Cache Load Glitch

This is not a problem I need solved, my code handles the situation just fine, but it looks like a cache load glitch and I wanted to describe what I am seeing and get your opinion.

I am filtering cache reads (actually, all IRP_NOCACHE reads), and I’ve seen a fairly consistent pattern:

  • If you read a small data file, say 200 bytes, you get a 4K read at offset 0, which returns the entire contents of the file, and is done
  • If you read a file that is 13000 bytes, you get a 16K read at offset 0, and you’re done
  • For larger data files, in all tests I have run, you get a 32K read @ 0, then a 32K read of the last 8 pages of the file, and then a series of 32K reads to load the rest of the file, except where chunks remain that are less than 32K, which are read in 16K, 8K, or 4K chunks. Often, but not exclusively, from the start of the file to the end. Always page aligned as you would expect.
  • Large executables are slightly different, possibly due to the execution of the app forcing reads at different places, so the read is not sequential. But it still begins with reading the first and last 32K, and then performing a series of 32K reads here and there except where a remaining section is less than 32K, etc.

The irregularity I am seeing is that near the end of the load of some executables, the reads are not page aligned. One test app I have consistently loads in the same pattern that includes 9 misaligned reads at the end. The exe is 808K. It loads first and last 32K as always, and then performs 25 other reads here and there to slowly bring the entire exe into cache, mostly 32K reads, other than 3 16K, one 8K, and one 28K read.

That left 2 4K chunks at offsets 220K and 628K, and a 16K chunk at offset 664K, which it could have read with 3 page aligned reads, but instead read as 9 misaligned 4K reads as follows:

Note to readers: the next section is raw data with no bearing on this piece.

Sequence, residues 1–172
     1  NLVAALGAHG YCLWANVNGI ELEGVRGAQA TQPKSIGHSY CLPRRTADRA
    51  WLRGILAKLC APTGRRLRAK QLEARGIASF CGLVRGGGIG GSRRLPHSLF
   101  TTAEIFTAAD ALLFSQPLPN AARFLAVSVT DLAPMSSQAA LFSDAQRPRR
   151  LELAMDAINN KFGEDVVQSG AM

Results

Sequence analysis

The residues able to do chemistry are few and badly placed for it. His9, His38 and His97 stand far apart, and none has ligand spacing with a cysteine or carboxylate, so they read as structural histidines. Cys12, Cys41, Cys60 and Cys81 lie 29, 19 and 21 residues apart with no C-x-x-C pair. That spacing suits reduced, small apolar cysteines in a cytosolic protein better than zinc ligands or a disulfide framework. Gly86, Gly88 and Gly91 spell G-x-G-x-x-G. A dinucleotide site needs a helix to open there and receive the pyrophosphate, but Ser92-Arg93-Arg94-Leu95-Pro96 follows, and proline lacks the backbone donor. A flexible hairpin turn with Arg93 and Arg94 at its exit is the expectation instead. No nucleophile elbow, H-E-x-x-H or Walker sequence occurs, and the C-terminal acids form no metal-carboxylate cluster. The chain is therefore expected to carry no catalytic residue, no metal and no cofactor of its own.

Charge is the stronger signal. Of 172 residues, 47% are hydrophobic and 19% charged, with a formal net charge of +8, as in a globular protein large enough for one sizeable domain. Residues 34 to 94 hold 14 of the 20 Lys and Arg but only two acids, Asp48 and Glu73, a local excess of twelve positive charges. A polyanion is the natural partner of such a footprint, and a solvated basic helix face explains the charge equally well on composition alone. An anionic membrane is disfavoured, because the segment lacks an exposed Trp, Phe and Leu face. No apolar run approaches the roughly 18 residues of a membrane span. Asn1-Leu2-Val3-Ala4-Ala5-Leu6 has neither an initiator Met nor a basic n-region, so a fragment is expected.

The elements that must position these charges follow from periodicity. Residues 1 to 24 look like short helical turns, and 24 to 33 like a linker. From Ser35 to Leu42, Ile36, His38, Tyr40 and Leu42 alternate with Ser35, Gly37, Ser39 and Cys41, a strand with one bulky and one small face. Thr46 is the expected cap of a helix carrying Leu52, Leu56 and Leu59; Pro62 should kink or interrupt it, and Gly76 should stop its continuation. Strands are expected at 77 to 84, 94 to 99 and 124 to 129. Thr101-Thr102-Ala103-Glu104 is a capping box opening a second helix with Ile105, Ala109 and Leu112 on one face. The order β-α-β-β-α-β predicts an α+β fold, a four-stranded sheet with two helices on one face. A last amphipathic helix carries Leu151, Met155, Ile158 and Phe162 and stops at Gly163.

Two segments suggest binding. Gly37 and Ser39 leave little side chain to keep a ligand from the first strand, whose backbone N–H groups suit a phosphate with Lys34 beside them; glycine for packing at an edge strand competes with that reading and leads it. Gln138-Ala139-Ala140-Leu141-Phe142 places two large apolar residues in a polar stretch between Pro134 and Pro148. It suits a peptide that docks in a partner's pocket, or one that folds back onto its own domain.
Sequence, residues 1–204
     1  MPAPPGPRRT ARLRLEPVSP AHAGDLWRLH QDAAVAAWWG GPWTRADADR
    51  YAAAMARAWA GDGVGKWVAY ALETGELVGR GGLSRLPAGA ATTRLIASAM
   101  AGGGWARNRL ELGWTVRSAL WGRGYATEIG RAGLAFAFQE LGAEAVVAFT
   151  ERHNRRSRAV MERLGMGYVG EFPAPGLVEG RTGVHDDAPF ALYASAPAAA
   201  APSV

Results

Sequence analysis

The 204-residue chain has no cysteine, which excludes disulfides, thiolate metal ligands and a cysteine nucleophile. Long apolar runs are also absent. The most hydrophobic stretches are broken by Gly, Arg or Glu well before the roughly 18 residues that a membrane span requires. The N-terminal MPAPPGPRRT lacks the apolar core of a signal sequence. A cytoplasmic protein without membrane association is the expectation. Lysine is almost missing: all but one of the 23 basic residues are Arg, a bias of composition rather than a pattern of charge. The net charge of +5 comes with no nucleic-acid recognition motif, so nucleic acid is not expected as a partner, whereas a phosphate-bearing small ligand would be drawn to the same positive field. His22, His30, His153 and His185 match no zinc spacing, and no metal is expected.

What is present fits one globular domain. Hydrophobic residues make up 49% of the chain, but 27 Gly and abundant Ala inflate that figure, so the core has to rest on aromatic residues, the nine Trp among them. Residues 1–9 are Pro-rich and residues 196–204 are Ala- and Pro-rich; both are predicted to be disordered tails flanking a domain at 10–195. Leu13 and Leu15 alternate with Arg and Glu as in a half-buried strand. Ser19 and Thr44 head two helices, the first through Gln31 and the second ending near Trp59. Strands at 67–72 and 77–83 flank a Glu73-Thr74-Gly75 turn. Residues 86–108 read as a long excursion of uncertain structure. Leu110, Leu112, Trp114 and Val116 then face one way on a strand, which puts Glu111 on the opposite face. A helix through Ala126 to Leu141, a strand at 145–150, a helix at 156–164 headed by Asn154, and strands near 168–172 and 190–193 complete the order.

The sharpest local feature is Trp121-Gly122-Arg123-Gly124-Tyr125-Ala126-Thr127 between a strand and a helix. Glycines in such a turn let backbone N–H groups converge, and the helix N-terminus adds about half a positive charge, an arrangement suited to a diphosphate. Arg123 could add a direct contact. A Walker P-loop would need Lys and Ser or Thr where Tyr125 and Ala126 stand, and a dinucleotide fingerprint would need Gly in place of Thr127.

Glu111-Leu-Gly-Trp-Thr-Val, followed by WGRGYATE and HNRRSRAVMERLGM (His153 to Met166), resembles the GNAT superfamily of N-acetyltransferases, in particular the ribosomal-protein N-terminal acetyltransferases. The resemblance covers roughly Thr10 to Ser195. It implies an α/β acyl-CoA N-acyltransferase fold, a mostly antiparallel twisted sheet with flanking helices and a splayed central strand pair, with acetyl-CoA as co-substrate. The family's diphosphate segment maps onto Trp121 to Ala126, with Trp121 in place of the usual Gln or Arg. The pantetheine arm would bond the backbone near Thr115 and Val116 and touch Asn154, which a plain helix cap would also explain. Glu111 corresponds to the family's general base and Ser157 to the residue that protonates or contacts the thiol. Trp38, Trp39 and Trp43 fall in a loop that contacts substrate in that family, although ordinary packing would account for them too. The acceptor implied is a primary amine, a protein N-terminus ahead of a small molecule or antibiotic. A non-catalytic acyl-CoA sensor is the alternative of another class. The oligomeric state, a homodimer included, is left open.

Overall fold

217K & 221K - to load the 4K at 220K
625K & 629K - to load the 4K at 628K
661K, 665K, 669K, 673K, and 677K - to load the 16K at 664K

What do you think of this?



Executable files are mapped as subsections (which are recorded in a PE header). Subsections are a set of consecutive memory ranges aligned on a page boundary. A subsection offset in a file on a disk is not required to be page aligned. This offset should be disk sector aligned (which is 0x200 == 512 by default), I presume to save disk space. You can confirm this with the !ca command looking at the “Starting Sector” value for each subsection. These values are generally not a multiple of 8 (8*0x200 == 0x1000 = 4096). When the Memory Manager brings in a page for a subsection it uses this value to calculate page offset in a file.

Anyway, I think that you didn’t provide a full picture. You were filtering IRP_NOCACHE IRPs which is not the same as IRP_PAGING_IO IRPs. IRP_NOCACHE should be disk block aligned which is only 512 bytes for HDD and SSD. You didn’t provide a call stack which could confirm this was really a paging IO from the Memory Manager to support executable file mapping.

I was filtering all IRP_NOCACHE reads, but in this case they were all IRP_NOCACHE | IRP_PAGING_IO | IRP_SYNCHRONOUS_PAGING_IO.

I was not aware that EXEs are not mapped into the cache on memory page boundaries. Seems odd that it would read everything on page boundaries but these 3 places, and then split them across pages. How would it deal with the page overlaps in the cache where parts of the file exist in two cache pages simultaneously?


Windows is different from many UNIX system by having a separate maps for data and executable files. Files mapped as an executable image don’t share cache with data files. They do not share virtual or physical pages. I will use “cache” and “file mapping” interchangeably as the cache is supported by file mapping structures, though pages might not be mapped in any address space they are retained by a control area structure related to file mapping.
If you map a file as a data file and as an executable file there are two copies of data in the system - one in the data cache and the other as a mapped executable (you can call this “executable cache” if you want). A data related mapping is supported by FileObject->SectionObjectPointer->DataSectionObject and an image related mapping is supported by FileObject-> SectionObjectPointer->ImageSectionObject. DataSectionObject and ImageSectionObject are a CONTROL_AREA structure that contains a list of subsections which manage resident pages list. So there are two set of pages - one for a data map and another for an image map.